Install DDC in a sandbox for evaluation

Estimated reading time: 11 minutes

These are the docs for UCP version 1.1

To select a different version, use the selector below.

This page introduces Docker Datacenter (also known as DDC): a combination of Docker Universal Control Plane (UCP) and Docker Trusted Registry (DTR), and walks you through installing it on a local (non-production) host or sandbox. Once you’ve installed, we’ll also give you a guided tour so you can evaluate its features.

The instructions here are for a sandbox installation on Mac OS X or Windows systems. If you’re an experienced Linux user, or if you want more detailed technical information, you might want to skip this evaluation and go directly to Plan a production installation and then to Install UCP for production.

Note: This evaluation installs using the open source software version of Docker Engine inside of a VirtualBox VM which runs the small-footprint boot2docker.iso Linux. This configuration is not a production configuration.

Introduction: About this example

In this tutorial, we’ll use Docker’s provisioning tool - Docker Machine - to create two virtual hosts. These two hosts are VirtualBox VMs running a small footprint Linux image called boot2docker.iso, with the open source version of Docker Engine installed.

Docker Machine setup

A UCP installation consists of an UCP controller and one or more hosts. We’ll install UCP on one host, then join the second node to UCP as a swarm member. The two VMs create a simple swarm cluster with one controller, which by default secures the cluster via self-signed TLS certificates.

Sandbox

DDC’s second component is DTR, which must be installed on a host that’s a member of the UCP swarm. So next, we’ll then install DTR on that second node.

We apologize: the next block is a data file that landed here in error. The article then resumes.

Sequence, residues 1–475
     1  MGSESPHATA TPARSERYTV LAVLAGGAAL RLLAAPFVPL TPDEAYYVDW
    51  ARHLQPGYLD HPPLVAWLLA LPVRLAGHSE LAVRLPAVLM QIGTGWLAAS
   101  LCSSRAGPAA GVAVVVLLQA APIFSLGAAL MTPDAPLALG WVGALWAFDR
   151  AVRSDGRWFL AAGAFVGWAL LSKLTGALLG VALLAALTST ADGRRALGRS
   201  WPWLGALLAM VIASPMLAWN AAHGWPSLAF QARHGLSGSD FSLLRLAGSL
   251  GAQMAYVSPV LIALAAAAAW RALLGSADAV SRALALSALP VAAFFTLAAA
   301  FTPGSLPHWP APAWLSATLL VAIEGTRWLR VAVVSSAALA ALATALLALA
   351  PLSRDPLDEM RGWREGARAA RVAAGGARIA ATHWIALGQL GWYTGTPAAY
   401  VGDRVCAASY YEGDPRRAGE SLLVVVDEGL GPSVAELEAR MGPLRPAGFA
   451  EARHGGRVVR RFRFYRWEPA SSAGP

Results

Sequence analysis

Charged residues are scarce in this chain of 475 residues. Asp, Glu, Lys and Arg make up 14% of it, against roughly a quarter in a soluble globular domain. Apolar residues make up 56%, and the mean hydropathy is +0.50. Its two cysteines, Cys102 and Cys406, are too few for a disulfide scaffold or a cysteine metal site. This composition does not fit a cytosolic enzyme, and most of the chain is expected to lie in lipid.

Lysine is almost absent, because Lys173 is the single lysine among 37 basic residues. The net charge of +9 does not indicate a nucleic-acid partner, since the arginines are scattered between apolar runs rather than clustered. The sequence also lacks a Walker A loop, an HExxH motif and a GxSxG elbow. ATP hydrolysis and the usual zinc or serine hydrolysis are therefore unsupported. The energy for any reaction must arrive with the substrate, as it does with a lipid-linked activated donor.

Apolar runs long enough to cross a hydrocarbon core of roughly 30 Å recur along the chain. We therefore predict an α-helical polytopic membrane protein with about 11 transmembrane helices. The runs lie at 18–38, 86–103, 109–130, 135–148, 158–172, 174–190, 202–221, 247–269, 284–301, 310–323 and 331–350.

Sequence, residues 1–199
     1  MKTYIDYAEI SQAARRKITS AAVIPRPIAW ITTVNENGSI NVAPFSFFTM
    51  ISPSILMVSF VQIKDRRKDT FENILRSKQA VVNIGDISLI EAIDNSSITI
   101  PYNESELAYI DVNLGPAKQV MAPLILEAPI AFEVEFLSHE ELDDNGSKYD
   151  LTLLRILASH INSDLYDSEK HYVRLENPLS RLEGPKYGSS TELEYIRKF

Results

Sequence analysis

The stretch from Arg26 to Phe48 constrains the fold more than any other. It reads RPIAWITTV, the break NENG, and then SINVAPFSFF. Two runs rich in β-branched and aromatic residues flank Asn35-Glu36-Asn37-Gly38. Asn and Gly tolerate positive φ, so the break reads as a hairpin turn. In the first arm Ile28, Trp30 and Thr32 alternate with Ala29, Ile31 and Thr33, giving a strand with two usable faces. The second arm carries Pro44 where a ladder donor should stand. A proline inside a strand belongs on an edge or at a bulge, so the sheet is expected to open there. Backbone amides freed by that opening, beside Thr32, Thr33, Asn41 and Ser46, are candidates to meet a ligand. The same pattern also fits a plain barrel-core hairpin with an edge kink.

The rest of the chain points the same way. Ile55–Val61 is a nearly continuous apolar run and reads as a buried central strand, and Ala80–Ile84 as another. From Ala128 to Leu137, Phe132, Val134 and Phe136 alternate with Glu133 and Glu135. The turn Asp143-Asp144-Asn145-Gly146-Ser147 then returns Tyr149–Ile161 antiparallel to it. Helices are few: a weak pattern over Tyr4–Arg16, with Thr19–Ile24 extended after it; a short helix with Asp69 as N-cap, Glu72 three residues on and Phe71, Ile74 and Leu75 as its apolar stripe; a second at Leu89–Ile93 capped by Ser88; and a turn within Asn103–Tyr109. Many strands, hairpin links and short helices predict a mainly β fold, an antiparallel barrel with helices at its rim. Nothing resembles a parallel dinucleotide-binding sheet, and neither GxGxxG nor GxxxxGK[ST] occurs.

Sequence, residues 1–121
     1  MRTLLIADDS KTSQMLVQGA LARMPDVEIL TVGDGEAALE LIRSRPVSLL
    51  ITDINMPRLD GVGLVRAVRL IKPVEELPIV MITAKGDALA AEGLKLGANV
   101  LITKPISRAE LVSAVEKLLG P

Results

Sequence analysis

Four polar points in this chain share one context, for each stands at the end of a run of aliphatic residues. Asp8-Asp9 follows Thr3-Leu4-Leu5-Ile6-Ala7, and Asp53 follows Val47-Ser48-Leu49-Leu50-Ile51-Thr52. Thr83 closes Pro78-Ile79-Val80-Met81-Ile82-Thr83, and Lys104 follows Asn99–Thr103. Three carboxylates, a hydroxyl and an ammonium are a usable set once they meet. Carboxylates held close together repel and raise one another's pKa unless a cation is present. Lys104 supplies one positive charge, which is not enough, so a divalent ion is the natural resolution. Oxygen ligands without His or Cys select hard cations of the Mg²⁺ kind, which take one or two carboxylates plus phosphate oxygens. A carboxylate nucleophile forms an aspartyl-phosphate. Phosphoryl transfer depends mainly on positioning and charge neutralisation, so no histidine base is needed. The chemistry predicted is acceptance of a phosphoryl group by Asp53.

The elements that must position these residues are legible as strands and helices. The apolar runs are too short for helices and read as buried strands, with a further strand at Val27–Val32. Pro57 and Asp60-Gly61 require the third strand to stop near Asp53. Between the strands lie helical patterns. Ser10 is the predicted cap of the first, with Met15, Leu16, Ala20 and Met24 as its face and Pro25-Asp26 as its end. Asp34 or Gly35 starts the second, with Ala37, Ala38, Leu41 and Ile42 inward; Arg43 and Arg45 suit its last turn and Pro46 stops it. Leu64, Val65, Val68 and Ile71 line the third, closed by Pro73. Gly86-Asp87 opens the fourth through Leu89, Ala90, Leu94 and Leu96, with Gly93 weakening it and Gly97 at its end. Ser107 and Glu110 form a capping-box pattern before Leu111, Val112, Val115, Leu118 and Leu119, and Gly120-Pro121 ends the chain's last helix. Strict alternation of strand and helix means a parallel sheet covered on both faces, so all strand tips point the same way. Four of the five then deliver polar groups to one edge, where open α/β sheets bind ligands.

Once you’ve installed UCP and DTR you’ll work through a tutorial to deploy a container through UCP, and explore the user interface.

Note: The command examples in this page were tested for a macOS environment. If you are in another, you may need to adjust to use analogous commands for your environment.

Verify the prerequisites

This example requires that you have:

Step 1: Provision hosts with Engine

In this step, you’ll provision two VMs for your UCP sandbox installation. One will run UCP and one will be used to run containers, so the host specifications will be slightly different.

In a production environment you would use enterprise-grade hosts instead of local VMs. These nodes could be on your company’s private network or in the cloud. You would also use the Commercially Supported (CS Engine) version of Docker Engine required by UCP.

Set up the nodes for your evaluation:

  1. Open a terminal on your computer.

  2. Use Docker Machine to list any VMs in VirtualBox.

    $ docker-machine ls
    
    NAME         ACTIVE   DRIVER       STATE     URL                         SWARM
    default    *        virtualbox   Running   tcp://192.168.99.100:2376
    
  3. Create a VM named node1 using the following command.

    $ docker-machine create -d virtualbox \
      --virtualbox-memory "2500" \
      --virtualbox-disk-size "5000" node1
    

    When you create your virtual host you specify the memory and disk size options. UCP requires a minimum of 3.00 GB disk space and runs best with a minimum of 2 GB of memory.

  4. Create a VM named node2 using the command below.

    $ docker-machine create -d virtualbox \
      --virtualbox-memory "2500" \
      --virtualbox-disk-size "5000" node2
    
  5. Use the docker-machine ls command to list your hosts.

    $ docker-machine ls
    
    NAME      ACTIVE   DRIVER       STATE     URL                         SWARM   DOCKER    ERRORS
    default   -        virtualbox   Stopped                                       Unknown
    node1     -        virtualbox   Running   tcp://192.168.99.100:2376           v1.12.1
    node2     -        virtualbox   Running   tcp://192.168.99.101:2376           v1.12.1
    

    At this point, both nodes are in the Running state and ready for UCP installation.